In addition, the third condition is satisfied, because it would be inequitable to apply the new rule to this case and to other cases now on appeal. See McKinney, 20 F.3d at 1566 & n. 23 (noting that retroactive application would be inequitable to the plaintiff and “would also produce inequities-for defendants in other pending cases”). Wagner and other plaintiffs likely relied upon Bank in determining whether to seek leave to amend before the district court or to appeal the dismissal.5 It would be inequitable to punish those parties for following the clearly established precedent of this Circuit.
It is the second condition that gives us some pause. The apparent purpose of the Federal Rules of Civil Procedure is “to secure the just, speedy, and inexpensive determination of every action.” Fed.R.Civ.P. 1. As we noted above, our new rule follows that purpose, for it is designed to secure efficiency and to reduce costly, additional litigation. We, however, also note that the purpose of allowing amendments is to resolve litigation on the merits, and decisions based upon the merits generally are favored under the Rules. See Foman v. Davis, 371 U.S. 178, 181-82, 83 S.Ct. 227, 9 L.Ed.2d 222 (1962). As Wagner followed our precedent in appealing his case rather than seeking to amend before the district court, the retroactive application of this rule would strip him of the opportunity to have his case heard on the merits. As a result, it seems consistent with the purpose of the Federal Rules of Civil Procedure to decline to apply our new rule in this case.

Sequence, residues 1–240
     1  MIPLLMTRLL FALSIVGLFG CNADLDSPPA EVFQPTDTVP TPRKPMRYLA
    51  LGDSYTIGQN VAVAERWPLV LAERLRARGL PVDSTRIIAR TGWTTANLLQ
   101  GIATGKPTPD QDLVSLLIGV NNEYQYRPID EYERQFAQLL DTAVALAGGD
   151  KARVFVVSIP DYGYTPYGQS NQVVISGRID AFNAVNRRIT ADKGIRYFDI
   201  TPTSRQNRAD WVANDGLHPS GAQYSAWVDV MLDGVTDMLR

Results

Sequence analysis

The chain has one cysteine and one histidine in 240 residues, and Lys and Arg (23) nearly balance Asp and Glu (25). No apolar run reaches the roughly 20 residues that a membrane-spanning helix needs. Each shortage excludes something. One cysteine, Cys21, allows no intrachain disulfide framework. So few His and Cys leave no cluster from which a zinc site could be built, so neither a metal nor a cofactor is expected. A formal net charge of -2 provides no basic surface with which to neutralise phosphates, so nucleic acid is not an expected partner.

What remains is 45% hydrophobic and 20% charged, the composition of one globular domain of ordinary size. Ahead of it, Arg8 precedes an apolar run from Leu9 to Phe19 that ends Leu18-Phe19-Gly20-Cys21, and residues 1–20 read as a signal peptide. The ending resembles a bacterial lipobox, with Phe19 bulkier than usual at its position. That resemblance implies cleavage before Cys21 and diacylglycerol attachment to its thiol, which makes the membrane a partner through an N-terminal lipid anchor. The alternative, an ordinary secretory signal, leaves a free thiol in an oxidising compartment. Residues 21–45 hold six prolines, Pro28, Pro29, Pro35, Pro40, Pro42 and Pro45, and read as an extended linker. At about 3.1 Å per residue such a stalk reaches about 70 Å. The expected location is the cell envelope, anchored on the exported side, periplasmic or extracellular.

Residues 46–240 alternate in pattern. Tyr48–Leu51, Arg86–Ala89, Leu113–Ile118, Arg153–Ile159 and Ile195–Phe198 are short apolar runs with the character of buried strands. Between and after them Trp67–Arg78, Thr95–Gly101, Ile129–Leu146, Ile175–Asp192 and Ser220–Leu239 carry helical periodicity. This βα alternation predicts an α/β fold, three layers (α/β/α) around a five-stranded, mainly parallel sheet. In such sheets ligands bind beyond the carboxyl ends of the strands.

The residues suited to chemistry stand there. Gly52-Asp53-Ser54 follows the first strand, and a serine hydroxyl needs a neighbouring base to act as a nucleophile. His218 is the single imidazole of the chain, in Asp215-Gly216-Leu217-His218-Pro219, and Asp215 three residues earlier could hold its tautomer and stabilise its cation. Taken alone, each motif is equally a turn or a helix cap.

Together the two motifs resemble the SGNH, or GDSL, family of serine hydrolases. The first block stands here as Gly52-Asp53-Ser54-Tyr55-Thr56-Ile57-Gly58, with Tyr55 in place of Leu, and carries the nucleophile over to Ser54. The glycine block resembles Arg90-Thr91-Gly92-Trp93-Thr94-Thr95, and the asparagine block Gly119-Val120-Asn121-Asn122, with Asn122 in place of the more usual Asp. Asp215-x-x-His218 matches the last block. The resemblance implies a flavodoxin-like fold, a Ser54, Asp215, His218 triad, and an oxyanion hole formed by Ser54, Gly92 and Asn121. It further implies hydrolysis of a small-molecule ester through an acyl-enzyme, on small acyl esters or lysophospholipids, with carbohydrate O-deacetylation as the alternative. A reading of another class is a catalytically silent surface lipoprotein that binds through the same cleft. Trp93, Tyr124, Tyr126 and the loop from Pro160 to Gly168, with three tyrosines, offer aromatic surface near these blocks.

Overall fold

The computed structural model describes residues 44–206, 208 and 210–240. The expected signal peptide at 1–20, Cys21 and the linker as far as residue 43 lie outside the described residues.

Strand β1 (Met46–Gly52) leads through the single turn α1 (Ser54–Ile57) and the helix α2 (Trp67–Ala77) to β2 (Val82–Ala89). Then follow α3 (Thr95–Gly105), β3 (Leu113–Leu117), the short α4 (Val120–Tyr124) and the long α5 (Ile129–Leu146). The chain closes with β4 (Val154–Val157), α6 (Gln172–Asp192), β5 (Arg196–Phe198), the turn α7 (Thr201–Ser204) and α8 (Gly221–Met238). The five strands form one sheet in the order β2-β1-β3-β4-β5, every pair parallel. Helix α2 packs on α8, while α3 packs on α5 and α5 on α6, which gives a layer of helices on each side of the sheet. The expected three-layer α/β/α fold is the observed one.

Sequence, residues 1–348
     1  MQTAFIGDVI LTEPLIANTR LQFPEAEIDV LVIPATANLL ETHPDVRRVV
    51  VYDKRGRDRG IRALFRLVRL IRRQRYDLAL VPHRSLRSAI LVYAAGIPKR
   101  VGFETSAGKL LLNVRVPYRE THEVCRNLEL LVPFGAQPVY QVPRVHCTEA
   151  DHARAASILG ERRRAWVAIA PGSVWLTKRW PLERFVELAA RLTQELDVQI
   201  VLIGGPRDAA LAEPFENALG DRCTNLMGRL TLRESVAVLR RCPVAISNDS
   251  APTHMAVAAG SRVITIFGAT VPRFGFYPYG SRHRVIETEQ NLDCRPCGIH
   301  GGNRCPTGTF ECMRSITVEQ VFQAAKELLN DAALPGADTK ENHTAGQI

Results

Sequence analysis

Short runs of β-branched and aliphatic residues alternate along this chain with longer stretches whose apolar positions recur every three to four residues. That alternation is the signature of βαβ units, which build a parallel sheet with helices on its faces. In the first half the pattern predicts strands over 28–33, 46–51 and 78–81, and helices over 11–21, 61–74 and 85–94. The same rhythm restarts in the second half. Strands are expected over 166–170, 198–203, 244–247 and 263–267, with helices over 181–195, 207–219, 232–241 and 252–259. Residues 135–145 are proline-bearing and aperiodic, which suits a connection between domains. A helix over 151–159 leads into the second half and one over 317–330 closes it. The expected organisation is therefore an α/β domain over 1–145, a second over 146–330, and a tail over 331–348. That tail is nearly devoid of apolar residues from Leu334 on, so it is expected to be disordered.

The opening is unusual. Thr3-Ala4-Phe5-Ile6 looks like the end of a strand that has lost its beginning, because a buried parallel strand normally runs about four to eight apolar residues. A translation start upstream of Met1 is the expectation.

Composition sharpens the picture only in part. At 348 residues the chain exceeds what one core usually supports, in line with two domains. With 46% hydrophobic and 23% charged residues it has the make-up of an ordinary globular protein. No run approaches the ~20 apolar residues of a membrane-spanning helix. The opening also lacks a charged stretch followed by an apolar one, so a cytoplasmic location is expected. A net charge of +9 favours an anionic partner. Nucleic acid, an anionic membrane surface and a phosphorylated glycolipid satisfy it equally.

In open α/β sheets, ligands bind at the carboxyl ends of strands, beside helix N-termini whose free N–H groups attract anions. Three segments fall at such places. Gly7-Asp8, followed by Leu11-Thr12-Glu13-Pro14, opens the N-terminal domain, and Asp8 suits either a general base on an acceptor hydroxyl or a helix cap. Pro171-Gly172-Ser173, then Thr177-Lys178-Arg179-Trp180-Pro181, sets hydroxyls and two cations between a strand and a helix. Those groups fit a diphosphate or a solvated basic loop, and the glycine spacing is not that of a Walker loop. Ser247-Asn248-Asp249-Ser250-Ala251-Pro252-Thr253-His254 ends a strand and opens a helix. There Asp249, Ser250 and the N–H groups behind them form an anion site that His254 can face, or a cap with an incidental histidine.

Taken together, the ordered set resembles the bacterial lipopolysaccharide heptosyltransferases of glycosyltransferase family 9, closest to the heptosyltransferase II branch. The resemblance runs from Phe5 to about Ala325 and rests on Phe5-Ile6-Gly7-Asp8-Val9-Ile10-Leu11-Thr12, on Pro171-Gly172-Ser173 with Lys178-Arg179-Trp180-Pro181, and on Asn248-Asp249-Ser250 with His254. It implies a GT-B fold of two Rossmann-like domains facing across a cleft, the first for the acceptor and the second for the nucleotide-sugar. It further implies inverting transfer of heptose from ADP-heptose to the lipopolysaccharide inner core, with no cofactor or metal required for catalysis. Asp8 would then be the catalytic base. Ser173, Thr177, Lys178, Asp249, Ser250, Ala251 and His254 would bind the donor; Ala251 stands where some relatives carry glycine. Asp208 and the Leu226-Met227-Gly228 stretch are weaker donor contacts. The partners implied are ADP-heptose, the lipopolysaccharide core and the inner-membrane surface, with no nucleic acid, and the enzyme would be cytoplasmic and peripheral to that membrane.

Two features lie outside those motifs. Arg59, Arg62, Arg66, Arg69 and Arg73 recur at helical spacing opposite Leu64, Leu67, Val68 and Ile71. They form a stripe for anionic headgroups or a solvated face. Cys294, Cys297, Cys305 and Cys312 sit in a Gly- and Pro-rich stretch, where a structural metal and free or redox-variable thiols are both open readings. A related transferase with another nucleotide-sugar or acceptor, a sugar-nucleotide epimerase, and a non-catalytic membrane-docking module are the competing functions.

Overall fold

Thus, as the conditions of Kirkland are satisfied, this rule will be applied prospectively; it applies only to cases in which the notice of appeal was filed after the date of this decision.
Thus, we VACATE the district court's dismissal of Wagner's complaint and REMAND this case to the district court with instructions to grant Wagner leave to amend his complaint.